Group-size-mediated habitat selection and group fusion-fission dynamics of bison under predation risk

Fortin, Daniel, Fortin, Marie-Eve, Beyer, Hawthorne L., Duchesne, Thierry, Courant, Sabrina and Dancose, Karine (2009) Group-size-mediated habitat selection and group fusion-fission dynamics of bison under predation risk. Ecology, 90 9: 2480-2490. doi:10.1890/08-0345.1

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Author Fortin, Daniel
Fortin, Marie-Eve
Beyer, Hawthorne L.
Duchesne, Thierry
Courant, Sabrina
Dancose, Karine
Title Group-size-mediated habitat selection and group fusion-fission dynamics of bison under predation risk
Journal name Ecology   Check publisher's open access policy
ISSN 0012-9658
1939-9170
Publication date 2009-01-01
Year available 2009
Sub-type Article (original research)
DOI 10.1890/08-0345.1
Open Access Status File (Publisher version)
Volume 90
Issue 9
Start page 2480
End page 2490
Total pages 11
Place of publication Ithaca, NY United States
Publisher Ecological Society of America
Language eng
Abstract For gregarious animals the cost-benefit trade-offs that drive habitat selection may vary dynamically with group size, which plays an important role in foraging and predator avoidance strategies. We examined how habitat selection by bison (Bison bison) varied as a function of group size and interpreted these patterns by testing whether habitat selection was more strongly driven by the competing demands of forage intake vs. predator avoidance behavior. We developed an analytical framework that integrated group size into resource selection functions (RSFs). These group-size-dependent RSFs were based on a matched casecontrol design and were estimated using conditional logistic regression (mixed and populationaveraged models). Fitting RSF models to bison revealed that bison groups responded to multiple aspects of landscape heterogeneity and that selection varied seasonally and as a function of group size. For example, roads were selected in summer, but not in winter. Bison groups avoided areas of high snow water equivalent in winter. They selected areas composed of a large proportion of meadow area within a 700-m radius, and within those areas, bison selected meadows. Importantly, the strength of selection for meadows varied as a function of group size, with stronger selection being observed in larger groups. Hence the bison-habitat relationship depended in part on the dynamics of group formation and division. Group formation was most likely in meadows. In contrast, risk of group fission increased when bison moved into the forest and was higher during the time of day when movements are generally longer and more variable among individuals. We also found that stronger selection for meadows by large rather than small bison groups was caused by longer residence time in individual meadows by larger groups and that departure from meadows appears unlikely to result from a depression in food intake rate. These group-size-dependent patterns were consistent with the hypothesis that avoidance of predation risk is the strongest driver of habitat selection.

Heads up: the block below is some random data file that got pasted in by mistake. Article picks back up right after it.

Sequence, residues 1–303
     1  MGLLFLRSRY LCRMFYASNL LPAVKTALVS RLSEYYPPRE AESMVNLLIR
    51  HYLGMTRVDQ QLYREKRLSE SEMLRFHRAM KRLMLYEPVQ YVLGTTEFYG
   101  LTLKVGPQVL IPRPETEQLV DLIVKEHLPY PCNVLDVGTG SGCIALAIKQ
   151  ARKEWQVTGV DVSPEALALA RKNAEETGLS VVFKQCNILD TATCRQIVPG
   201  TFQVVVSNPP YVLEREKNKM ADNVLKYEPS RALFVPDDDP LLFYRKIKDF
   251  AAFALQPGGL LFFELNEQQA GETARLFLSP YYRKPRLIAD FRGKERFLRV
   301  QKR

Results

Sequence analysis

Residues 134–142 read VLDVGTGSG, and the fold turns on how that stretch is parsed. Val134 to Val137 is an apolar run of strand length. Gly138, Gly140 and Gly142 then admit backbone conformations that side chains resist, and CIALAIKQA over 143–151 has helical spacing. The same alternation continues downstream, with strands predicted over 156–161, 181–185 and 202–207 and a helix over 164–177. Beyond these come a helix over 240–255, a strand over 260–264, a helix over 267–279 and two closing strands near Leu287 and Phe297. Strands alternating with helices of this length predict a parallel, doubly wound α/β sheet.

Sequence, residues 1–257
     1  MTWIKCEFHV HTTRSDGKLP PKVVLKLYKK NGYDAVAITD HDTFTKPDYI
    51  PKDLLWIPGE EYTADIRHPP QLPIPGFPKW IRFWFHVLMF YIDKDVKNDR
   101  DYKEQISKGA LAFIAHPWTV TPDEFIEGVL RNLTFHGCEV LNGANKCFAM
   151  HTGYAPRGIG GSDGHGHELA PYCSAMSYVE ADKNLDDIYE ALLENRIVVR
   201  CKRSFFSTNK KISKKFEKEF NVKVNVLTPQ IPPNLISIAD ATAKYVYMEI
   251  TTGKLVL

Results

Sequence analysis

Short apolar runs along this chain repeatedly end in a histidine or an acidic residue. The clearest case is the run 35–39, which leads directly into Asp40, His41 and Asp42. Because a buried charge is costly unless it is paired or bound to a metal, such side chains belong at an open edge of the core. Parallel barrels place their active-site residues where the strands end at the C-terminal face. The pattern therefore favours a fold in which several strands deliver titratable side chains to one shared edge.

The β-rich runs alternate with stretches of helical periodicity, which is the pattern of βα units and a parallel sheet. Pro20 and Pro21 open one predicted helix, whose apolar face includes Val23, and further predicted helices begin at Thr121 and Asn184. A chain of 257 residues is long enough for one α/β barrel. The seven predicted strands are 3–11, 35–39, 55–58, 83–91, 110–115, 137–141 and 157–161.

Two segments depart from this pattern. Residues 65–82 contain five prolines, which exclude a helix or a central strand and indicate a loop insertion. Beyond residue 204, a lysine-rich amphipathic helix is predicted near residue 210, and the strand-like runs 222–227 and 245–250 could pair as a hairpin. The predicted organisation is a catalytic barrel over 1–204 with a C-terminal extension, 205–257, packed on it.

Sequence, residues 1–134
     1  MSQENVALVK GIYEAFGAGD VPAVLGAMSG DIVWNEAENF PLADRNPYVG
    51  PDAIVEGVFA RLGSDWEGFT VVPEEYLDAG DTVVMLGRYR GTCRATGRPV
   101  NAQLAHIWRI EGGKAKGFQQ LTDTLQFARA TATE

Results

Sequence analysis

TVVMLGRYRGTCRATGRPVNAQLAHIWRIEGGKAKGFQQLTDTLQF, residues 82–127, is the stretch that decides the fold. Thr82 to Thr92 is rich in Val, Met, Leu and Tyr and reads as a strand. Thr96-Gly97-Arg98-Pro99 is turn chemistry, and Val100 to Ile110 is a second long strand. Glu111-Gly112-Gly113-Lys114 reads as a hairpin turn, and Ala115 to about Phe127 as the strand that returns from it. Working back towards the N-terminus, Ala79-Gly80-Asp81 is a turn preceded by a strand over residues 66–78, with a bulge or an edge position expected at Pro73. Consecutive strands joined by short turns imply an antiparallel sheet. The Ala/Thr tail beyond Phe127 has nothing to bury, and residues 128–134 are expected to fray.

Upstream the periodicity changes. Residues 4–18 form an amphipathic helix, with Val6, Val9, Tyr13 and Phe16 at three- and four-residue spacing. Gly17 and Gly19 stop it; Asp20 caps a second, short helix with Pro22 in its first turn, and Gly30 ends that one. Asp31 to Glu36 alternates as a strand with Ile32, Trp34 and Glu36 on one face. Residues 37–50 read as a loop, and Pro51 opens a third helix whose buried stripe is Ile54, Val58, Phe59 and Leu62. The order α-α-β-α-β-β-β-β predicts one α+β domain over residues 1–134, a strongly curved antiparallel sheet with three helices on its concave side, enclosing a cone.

Keyword Bison bison
Canada
Conditional logistic regression
Exploitative competition
Free ranging plains bison
Q-Index Code C1
Q-Index Status Provisional Code
Institutional Status Non-UQ

Document type: Journal Article
Sub-type: Article (original research)
Collection: School of Biological Sciences Publications
 
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Created: Sat, 31 May 2014, 02:09:33 EST by Hawthorne Beyer on behalf of School of Biological Sciences